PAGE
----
Tattoos Became Fashionable In Victorian England

Thomas Whitton, a shoemaker and labourer from Shoreditch Victorian in east London, was born on June 13, 1836. In June 1836, he was only 13 years old when he was arrest at the Old Bailey for shoplifting print textiles. He was sentence to transportation to Van Diemen’s Land in Tasmania.

The brown-haired, blue-eyed Londoner, who arrived in Australia one year later, had accumulated some unique tattoos during his long journey. On his right arm was a tribute for a girl, with the words love thy heart. On his left were images of two men holding a bottle and a glass, a mermaid and an anchor, and the initials R.R.

Whitton, who was finally freed at 20 years old, was only one of the 58.002 Victorian convicts we discover tattoo descriptions as we data-mine the court archives. Some commentators believed at the time that people of poor reputation used tattoos as a way to identify themselves as savages, a sign that they were part of a criminal gang.

Database Victorian Shows

Our database shows that tattoos on convicts express a wide variety of positive, and even fashionable, sentiments. They were not only popular among Victorians, but also convicts.

These records enable us to see, for the first-time, that historical tattooing wasn’t just for sailors, soldiers, and convicts but was a popular and accepted practice in Victorian England. The tattoos offer a valuable window into the lives and times of those who rarely keep any written records. They provide a glimpse into the lives and emotions of ordinary people from the past.

We conducted the largest ever analysis of tattoos. We analyzed 75,688 tattoo descriptions on 58.002 convicts from Australia and Britain between 1793 and 1925. Data-mining techniques were use to extract information from broader descriptive fields in criminal records. We also linked this information with extensive evidence regarding the backgrounds and personal characteristics of our subjects. We used visualizations to help us identify patterns and juxtapositions in particular tattoo designs.

A Brief History Of Tattoos

Tattooing is a practice that has been use throughout history. The practice was document on bodies preserve in ice, which suggests that it exist as far back as 4,000 BC. Although it is difficult to track a continuous history of tattooing, evidence is available from most cultures. It was sometimes use as a form for force stigmatisation (on criminals and slaves in the Greek or Roman empires), but also as a voluntary way to express one’s identity.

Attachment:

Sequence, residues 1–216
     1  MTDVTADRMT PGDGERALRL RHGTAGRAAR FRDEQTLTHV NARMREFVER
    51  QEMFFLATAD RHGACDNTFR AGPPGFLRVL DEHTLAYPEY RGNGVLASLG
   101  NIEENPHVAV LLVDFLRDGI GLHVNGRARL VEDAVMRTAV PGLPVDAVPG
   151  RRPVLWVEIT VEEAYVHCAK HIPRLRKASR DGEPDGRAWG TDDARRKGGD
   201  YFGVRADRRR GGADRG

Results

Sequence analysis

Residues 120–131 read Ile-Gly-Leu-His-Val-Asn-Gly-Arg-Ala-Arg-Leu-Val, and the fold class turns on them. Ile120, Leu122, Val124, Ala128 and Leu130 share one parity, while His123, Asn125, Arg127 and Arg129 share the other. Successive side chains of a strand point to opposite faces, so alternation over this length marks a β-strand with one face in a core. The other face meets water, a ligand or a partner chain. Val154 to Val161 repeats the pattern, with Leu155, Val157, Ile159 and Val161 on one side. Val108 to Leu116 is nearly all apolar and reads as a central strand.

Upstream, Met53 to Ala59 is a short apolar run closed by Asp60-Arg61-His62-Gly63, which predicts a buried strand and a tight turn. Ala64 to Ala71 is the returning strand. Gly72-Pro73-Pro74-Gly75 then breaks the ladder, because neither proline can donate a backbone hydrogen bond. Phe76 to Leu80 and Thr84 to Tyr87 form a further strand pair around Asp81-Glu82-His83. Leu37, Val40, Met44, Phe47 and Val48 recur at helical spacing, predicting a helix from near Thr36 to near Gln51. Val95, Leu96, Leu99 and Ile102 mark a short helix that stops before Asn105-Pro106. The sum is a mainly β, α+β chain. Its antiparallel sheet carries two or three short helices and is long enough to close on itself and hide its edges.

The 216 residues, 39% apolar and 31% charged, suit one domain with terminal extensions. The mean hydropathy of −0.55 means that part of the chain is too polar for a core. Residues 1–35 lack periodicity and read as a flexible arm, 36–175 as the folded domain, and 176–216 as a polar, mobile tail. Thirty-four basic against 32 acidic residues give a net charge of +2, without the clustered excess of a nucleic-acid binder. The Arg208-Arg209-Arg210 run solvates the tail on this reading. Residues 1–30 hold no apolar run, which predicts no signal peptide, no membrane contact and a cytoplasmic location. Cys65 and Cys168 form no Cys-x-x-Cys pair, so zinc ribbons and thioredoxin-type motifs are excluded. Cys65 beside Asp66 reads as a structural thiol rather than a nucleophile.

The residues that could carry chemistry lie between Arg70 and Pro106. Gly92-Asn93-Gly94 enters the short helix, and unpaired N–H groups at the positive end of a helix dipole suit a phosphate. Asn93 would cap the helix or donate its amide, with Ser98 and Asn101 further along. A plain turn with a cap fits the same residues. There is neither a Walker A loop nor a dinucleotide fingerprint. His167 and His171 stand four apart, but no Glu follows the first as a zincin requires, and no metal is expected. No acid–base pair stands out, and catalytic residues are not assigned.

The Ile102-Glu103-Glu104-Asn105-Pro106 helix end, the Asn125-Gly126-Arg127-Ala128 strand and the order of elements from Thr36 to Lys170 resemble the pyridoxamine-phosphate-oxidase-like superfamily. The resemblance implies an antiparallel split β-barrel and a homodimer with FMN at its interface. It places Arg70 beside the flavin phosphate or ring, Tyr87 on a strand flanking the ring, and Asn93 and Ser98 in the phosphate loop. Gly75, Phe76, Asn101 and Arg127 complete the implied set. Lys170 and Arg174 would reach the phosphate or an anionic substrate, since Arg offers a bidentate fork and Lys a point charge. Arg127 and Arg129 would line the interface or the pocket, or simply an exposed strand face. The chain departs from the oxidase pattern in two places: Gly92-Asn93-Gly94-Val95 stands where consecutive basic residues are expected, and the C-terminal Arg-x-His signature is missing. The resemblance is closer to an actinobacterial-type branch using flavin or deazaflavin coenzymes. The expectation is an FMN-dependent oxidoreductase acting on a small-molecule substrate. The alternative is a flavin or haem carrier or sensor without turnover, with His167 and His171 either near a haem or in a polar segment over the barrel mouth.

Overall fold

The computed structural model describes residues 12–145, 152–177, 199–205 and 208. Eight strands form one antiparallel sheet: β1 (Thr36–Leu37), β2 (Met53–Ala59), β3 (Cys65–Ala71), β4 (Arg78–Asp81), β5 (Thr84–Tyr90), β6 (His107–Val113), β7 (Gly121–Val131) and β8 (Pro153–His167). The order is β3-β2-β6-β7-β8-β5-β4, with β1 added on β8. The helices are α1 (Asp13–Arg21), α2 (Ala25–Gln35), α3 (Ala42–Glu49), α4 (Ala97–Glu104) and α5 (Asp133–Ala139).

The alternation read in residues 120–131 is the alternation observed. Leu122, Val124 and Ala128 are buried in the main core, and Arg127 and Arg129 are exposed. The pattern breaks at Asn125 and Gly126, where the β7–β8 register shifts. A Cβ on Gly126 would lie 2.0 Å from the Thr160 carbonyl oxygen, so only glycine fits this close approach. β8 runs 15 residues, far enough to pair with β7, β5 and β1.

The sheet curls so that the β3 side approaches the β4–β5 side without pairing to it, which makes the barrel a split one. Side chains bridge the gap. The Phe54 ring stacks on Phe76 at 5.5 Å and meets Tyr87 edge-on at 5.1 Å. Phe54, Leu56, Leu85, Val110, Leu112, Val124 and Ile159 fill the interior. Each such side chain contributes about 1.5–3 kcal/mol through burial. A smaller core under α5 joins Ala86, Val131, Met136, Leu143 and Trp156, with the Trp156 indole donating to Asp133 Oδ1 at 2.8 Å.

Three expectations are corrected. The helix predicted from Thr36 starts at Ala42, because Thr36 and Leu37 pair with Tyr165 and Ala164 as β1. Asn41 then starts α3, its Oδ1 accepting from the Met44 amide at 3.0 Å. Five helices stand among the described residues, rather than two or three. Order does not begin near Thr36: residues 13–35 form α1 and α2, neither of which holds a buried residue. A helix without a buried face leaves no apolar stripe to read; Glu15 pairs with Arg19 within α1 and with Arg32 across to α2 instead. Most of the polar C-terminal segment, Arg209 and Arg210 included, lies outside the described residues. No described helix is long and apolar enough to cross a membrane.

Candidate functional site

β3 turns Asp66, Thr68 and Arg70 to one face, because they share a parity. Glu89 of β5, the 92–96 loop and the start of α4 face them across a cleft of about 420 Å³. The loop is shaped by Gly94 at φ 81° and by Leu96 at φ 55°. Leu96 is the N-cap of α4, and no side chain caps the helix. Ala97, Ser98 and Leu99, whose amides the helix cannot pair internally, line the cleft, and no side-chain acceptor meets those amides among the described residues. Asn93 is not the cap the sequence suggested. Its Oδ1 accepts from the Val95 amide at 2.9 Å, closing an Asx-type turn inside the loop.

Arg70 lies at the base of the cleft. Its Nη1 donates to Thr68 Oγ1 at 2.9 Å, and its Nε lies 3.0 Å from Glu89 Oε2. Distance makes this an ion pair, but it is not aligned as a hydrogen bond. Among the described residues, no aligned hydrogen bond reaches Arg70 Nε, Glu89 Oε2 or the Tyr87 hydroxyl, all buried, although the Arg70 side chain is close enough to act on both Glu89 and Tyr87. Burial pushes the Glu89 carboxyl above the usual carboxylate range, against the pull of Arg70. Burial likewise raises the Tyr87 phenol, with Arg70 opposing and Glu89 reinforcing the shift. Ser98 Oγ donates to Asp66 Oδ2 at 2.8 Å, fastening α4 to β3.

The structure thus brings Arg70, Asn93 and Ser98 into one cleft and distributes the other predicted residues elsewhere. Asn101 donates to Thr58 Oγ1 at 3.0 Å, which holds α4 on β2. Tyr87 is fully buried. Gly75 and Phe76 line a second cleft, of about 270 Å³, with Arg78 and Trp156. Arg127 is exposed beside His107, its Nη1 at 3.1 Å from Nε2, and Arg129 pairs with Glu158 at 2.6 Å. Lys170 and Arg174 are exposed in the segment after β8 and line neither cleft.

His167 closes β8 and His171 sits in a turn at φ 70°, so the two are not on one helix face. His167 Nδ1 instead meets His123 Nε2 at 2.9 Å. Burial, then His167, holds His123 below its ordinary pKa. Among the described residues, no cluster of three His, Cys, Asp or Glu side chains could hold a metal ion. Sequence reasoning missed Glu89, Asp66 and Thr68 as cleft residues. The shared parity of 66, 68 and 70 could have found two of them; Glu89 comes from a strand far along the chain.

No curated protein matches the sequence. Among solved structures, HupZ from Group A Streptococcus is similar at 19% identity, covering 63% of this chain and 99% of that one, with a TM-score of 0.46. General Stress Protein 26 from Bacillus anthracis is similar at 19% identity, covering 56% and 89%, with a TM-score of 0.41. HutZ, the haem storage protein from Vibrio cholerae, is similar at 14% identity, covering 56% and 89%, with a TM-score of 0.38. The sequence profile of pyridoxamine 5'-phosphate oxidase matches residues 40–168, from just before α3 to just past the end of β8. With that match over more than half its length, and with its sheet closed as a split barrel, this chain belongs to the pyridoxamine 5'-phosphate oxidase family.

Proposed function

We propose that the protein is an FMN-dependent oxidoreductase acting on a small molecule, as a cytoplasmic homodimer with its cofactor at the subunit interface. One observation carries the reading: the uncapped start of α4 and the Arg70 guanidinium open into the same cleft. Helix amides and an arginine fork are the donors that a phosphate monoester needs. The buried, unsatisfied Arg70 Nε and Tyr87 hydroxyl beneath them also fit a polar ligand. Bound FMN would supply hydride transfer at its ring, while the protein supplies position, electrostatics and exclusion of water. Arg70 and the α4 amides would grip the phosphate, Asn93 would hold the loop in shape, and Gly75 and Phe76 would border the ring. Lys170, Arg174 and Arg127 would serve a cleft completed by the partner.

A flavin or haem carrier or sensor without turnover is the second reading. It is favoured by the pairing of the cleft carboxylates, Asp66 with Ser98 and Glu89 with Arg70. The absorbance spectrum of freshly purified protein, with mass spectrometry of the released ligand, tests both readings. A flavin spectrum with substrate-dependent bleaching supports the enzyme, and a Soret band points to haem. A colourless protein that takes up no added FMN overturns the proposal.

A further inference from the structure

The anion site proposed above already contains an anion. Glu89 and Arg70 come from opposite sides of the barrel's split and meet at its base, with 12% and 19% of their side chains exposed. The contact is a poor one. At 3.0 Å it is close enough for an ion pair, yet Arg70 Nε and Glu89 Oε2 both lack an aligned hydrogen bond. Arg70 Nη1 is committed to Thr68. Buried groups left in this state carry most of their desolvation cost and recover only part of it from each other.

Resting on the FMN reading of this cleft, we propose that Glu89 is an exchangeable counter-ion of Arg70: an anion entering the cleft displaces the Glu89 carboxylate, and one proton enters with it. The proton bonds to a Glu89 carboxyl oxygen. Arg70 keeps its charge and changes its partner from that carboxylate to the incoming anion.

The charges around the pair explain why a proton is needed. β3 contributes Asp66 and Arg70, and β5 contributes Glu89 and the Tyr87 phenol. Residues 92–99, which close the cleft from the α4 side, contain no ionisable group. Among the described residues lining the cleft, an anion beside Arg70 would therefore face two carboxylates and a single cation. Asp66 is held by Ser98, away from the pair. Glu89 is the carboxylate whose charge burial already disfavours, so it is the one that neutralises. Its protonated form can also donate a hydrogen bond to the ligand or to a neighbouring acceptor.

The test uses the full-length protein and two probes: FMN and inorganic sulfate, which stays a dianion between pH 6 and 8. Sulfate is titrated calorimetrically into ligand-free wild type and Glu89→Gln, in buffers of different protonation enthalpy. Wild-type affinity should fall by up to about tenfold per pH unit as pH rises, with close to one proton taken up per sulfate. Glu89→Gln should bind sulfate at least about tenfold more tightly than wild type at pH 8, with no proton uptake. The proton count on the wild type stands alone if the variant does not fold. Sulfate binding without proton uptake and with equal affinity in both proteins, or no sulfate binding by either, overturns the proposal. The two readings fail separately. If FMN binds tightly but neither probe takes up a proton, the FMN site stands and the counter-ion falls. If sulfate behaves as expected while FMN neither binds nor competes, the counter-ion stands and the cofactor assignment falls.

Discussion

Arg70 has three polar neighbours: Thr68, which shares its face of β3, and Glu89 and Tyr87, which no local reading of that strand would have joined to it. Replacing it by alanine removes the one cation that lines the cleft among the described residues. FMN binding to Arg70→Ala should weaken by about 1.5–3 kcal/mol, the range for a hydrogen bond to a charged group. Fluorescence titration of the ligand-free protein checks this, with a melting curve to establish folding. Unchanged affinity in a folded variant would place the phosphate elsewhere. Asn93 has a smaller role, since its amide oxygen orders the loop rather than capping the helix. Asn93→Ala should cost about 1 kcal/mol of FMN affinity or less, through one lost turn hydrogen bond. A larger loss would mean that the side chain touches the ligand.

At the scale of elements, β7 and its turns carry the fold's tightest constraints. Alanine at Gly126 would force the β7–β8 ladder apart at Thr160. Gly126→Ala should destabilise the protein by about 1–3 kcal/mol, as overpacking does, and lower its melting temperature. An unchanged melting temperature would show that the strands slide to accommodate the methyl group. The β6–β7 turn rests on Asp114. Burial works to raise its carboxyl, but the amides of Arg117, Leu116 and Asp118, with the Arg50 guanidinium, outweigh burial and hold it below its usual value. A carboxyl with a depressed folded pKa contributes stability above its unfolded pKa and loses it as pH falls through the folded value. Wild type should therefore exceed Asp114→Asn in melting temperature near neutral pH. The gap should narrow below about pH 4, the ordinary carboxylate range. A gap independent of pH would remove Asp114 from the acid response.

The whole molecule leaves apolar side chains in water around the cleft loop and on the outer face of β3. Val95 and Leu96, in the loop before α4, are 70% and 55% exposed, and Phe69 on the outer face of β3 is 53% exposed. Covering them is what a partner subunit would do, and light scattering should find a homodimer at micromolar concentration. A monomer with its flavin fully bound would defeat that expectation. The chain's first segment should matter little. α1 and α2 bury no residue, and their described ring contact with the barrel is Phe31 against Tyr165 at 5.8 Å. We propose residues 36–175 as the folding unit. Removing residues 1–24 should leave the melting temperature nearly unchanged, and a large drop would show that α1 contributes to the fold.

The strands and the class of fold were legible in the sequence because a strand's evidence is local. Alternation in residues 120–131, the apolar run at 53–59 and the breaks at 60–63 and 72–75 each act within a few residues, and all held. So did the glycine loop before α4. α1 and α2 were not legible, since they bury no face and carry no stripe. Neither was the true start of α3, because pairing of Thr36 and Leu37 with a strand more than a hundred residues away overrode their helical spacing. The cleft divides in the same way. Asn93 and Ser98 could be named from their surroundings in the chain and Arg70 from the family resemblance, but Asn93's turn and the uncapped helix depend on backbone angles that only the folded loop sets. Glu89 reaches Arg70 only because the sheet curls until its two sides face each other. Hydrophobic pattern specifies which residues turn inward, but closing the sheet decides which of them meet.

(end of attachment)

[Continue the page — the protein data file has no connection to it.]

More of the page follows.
Early Christians had religious tattoos to show devotion and commemorate their pilgrimages. Although tattooing was ban by Pope Hadrian in 787 in the West, it is still a common practice in other cultures such as Polynesia or Japan.

According to the traditional story, the practice was revived in Europe when Captain Cook and his crew encountered Tahiti’s tattooed residents during his 1769 visit. Recent historians Jane Caplan, Matt Lodder and Matt Lodder have discovered evidence of tattoos among soldiers and sailors in the century that preceded Cook’s voyage. Our study uses convict records from 1793 to document a widespread practice.

A Written Victorian Record

Since tattooing is a practice where the only record is the person, very few records of the process survived before the invention of photography. The exception is the written descriptions of tattoos and sketches that were kept by institutionalised persons who had to provide information about their bodies to identify them. This is especially true for three groups: criminal convicts and soldiers, as well as sailors. The convict records, which are most detailed and systematic, are the best.

These records were originally kept in large quantities for people who were transferred to Australia in 1788 (Australia was an open prison at the time).

Similar records were kept in Britain starting in 1816 to help identify escapees. The 19th century brought about growing concerns about reoffending and led to record-keeping becoming more organized.

Designs And Victorian Subject Matter

Contrary to popular belief, convict tattoos were not limited to a narrow range of designs or subjects. They also expressed positive emotions

Multiple records found that include images relate to American and British identity, as well as designs center on diverse subjects such as astronomy, pleasure and religion. The most common were expressions of love and naval themes. The most popular type of tattoo was the written name and set of initials. They found in 56% of all descriptions. Also very popular, dots found in 30% descriptions.

As some of the most popular themes, such as naval, jewelery, and astronomy, declined. So did the number of tattoos that depicted religion, nature, and death.

The evidence is mainly from convicts who were transport to Australia and a quarter of them were tattoo. While we don’t know for sure, most likely they were acquire on the long journey. Many had their year of conviction, or their transportation tattooed on them. This is a sign that they recognized that the forcible removal halfway across the globe. Likely never to return to Britain was life-changing.